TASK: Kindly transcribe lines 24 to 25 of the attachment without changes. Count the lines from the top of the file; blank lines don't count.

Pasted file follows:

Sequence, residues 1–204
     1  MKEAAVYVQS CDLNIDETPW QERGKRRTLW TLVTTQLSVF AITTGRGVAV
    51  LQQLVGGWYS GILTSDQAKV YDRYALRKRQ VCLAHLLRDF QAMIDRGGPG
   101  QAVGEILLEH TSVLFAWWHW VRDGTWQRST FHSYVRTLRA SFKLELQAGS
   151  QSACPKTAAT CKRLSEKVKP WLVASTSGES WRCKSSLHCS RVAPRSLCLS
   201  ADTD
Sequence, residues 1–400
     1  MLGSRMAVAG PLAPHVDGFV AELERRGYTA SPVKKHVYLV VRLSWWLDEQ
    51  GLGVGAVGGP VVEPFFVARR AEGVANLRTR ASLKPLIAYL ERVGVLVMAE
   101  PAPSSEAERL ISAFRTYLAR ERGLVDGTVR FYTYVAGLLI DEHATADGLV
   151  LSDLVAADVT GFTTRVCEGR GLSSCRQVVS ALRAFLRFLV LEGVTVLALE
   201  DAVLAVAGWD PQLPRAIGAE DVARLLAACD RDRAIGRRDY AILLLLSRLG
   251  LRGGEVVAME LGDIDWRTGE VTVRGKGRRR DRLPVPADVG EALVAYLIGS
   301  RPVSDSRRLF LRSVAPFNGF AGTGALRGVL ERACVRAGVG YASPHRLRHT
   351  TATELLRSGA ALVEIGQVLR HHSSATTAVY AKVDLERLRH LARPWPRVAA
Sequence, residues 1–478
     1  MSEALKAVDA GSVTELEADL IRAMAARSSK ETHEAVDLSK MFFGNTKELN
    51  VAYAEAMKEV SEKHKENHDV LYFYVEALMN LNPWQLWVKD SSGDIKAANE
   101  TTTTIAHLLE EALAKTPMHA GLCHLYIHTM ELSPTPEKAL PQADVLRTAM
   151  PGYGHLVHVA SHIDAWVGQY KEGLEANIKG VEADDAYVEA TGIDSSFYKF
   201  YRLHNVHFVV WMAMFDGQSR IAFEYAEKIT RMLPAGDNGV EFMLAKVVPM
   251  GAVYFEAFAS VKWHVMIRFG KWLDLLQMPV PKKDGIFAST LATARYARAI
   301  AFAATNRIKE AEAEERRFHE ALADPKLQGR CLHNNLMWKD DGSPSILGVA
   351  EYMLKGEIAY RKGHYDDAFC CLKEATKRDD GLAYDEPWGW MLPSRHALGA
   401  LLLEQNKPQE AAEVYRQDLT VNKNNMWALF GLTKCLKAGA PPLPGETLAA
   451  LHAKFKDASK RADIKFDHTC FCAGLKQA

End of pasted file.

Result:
   351  EYMLKGEIAY RKGHYDDAFC CLKEATKRDD GLAYDEPWGW MLPSRHALGA
   401  LLLEQNKPQE AAEVYRQDLT VNKNNMWALF GLTKCLKAGA PPLPGETLAA